Crescent Park (Wharton & Schuylkill entrance)
Team Hungrymonsters “Crescent Park Tandemphone”

This audio recording documents a leisurely pre-dinner Sunday tandem ride through Grays Ferry Crescent Park beginning at the Wharton & Schuylkill entrance and ending at the 34th Street Bridge entrance. By mounting 2 omnidirectional microphones to the stoker’s handlebars, the perspective of the bicycle is presented for the listener. The sounds of the frame, the freewheels, chains, chainrings, cottered cranks, drum brakes, and saddles mix with the sounds of the park: waterfowl, fishermen, strolling seniors, birds, nearby automobiles, the river, and distant sirens. The whooshing of the wind indicates brief episodes of mildly exhilarating downhill coasting, and the tires occasionally stir up dirt and gravel to bring scraping sounds to the listener’s ears. While tandem outings characteristically help make conversation easy, the riders remained mostly silent in this instance so as to not overwhelm the sounds of the above. This recording is very small sampling of what one could expect at Crescent Park. Other days/times have been full of the sounds of hundreds of birds, rows of anglers intermittently casting their lines and discussing the tides, cyclists, automobiles, toddlers, FedEx vehicles, sirens from the nearby refinery, watercraft, and/or backhoes and trucks at the neighboring recycling facility. However, during this bit of Sunday evening on May 27th in 2012, the park was relatively quiet and the 5 minute ride seemed to only last a few seconds.

Zion Hill Baptist Church, 2702 Ellsworth St
Maria Dumlao

Recorded during the Listen Here Now workshop, this sound walk investigated how listening, recording and mapping can transform our sense of place, time and physical relationship to a given location in the area around Zion Hill Church along Grays Ferry Avenue. Using a map and a recording device, each participant navigated their walks based on what they heard, thereby shaping the trajectory of their sonic journey. Accompanied by my 17-month old son, my recording resulted in an exploration of the layout of the surroundings based on what he heard and saw. Our sound walk ultimately produced a recording of his experience (and his reactions to this experience) as the environment faded into the background. The walk starts around the block from Zion Hill Memorial Baptist Church at the corner of Ellsworth and S 27th Street. Going south on 27th for two blocks with an occasional turn east into Annin Street and Federal Street.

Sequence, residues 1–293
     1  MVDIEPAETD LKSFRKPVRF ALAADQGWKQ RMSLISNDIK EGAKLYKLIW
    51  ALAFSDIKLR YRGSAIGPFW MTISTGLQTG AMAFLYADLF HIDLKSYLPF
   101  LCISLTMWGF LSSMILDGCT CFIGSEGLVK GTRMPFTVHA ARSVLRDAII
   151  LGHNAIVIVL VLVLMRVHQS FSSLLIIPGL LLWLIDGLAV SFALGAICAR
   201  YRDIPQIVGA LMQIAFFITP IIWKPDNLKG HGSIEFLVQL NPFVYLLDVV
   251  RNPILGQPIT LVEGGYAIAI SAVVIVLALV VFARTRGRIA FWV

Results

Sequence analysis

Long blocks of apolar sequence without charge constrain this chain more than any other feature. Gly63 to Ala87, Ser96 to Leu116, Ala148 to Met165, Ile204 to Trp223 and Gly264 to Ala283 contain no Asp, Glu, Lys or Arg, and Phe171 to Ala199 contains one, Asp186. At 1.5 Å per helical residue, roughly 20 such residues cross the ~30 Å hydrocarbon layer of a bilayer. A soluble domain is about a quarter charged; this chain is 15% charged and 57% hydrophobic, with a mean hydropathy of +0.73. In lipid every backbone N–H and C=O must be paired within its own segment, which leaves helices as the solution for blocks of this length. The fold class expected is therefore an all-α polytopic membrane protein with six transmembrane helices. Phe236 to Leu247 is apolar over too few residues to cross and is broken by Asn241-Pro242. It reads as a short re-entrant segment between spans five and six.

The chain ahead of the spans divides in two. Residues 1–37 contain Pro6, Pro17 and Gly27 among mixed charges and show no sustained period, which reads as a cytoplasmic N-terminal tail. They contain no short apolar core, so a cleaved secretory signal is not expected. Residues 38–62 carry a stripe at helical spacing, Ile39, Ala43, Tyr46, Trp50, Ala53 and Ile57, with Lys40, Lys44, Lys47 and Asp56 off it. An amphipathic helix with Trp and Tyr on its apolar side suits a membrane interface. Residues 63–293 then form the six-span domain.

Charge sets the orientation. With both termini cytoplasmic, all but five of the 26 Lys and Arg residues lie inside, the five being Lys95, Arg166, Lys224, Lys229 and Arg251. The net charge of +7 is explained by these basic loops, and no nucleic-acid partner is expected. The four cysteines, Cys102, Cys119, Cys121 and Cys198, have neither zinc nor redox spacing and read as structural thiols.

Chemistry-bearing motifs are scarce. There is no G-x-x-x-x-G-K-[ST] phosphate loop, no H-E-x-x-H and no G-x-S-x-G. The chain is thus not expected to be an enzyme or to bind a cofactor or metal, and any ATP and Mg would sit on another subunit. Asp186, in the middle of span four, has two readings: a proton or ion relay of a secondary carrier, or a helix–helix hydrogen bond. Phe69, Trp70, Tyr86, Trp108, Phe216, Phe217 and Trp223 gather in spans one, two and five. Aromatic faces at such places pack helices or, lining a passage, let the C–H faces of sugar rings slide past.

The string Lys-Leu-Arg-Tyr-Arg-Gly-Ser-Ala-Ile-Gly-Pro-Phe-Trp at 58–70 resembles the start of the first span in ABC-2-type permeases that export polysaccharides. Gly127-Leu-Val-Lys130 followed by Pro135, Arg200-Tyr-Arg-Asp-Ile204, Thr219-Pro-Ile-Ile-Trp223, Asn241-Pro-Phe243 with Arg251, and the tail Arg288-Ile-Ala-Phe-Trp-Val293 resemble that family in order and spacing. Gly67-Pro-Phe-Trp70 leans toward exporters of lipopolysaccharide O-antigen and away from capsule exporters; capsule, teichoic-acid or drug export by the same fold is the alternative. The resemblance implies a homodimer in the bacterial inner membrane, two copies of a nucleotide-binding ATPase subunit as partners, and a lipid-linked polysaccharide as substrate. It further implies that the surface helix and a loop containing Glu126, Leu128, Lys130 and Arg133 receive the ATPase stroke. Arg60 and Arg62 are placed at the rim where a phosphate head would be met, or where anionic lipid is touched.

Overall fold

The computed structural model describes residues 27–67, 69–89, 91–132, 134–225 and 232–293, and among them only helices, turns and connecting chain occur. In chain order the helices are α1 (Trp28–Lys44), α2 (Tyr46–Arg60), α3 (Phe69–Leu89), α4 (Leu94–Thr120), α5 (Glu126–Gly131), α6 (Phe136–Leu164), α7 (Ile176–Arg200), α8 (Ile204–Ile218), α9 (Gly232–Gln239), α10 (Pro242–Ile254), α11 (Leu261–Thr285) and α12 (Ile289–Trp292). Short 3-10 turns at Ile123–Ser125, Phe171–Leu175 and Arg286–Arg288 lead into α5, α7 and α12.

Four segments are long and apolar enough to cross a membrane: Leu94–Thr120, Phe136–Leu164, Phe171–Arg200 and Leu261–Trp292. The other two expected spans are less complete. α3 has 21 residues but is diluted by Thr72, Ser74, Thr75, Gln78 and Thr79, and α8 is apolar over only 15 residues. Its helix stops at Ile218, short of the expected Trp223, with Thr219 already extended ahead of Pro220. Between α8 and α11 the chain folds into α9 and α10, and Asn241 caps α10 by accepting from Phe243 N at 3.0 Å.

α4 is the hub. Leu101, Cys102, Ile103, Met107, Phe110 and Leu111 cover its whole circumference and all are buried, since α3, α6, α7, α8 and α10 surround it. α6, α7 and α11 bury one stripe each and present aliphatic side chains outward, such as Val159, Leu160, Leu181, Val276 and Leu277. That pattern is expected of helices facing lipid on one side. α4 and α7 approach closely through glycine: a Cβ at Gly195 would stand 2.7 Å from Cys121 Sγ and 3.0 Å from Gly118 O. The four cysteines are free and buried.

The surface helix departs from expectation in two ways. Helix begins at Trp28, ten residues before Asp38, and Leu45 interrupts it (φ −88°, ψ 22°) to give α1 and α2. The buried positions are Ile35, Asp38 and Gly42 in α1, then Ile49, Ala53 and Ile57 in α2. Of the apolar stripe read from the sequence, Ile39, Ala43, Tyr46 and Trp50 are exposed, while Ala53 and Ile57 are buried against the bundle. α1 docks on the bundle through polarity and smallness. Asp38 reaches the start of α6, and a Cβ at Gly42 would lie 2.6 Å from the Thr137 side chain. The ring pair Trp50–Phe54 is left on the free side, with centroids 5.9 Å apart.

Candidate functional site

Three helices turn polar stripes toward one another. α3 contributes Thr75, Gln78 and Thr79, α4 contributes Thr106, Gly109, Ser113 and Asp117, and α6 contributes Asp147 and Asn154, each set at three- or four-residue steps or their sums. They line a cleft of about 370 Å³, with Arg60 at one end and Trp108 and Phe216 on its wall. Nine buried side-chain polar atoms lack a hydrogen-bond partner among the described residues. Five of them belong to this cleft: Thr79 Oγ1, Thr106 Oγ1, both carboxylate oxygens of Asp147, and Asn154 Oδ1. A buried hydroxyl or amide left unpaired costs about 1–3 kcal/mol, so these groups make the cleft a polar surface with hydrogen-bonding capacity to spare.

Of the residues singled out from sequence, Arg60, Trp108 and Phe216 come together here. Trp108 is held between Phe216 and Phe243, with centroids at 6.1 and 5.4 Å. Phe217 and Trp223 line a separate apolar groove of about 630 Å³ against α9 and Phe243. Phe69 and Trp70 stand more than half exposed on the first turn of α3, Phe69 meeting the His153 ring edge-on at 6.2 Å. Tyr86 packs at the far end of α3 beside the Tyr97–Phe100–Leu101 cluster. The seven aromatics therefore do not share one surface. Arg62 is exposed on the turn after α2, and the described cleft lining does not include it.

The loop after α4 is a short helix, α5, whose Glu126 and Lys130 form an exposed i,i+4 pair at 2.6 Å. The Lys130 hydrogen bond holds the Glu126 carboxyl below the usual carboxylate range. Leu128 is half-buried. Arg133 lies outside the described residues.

Railway bridge over Washington Avenue, between 25th and 26th Streets
Jesse Kudler

My sound piece examines and enacts the tension between aestheticizing and abstracting place as source of quasi-musical sound and thinking about place as social-cultural-political environment. In the left ear, a processed field recording of a train passing overhead between 25th and 26th Streets on Washington Avenue is heard, while the right channel plays voices reading texts concerning the physical and cultural shifts afoot in Point Breeze and Gray’s Ferry due to gentrification. The listener can choose to listen to one or both channels at any time. This piece attempts to make listeners think about modes of listening to and conceiving of a place and to call attention to the constant dialogue between abstract, aesthetic listening and concrete, sociological listening to the built environment, interactions of people, and specific tasks occurring in an urban landscape. It also asks to what degree modes of listening are socially conditioned.

Corner of 29th & Ellsworth
Newton “Shades of Grays Ferry”

Newton, a Philadelphia based sound artist, contributes this composition derived from a self-guided audio tour through the Gray’s Ferry section of the city. This piece utilizes a wide range of techniques in the cut up and heavy edit spectrum. Quickly shifting layers, the silent cuts are smothered by short bursts of sound and hard panning. Through these methods the sonic experience of the short attention span is achieved; one of visceral intensity. Unavoidable and daunting in presentation, “Shades of Grays Ferry” is for the ears of the desensitized and sensory overloaded listener of the 21st Century.

Grays Ferry Power Plant, 2700 Christian St (and vicinity)
Byron Westbrook – “Choir for Handheld Recorder”

This piece is an experiment in using field recordings as an instrument with a group exercise exploring how the recording process can operate as a performance. Conducted at the Sound Places workshop on April 14, I visited the Grays Ferry Power Plant with a group of workshop attendees to record using provided hand-held recorders. Machinery around the plant emits a loud hum that is very similar to a low B-flat musical note. Attendees were instructed to explore the perimeter of the site to hear the different possibilities, and record them. All collected recordings are played back together int his piece to be heard as an ensemble.

Further reading: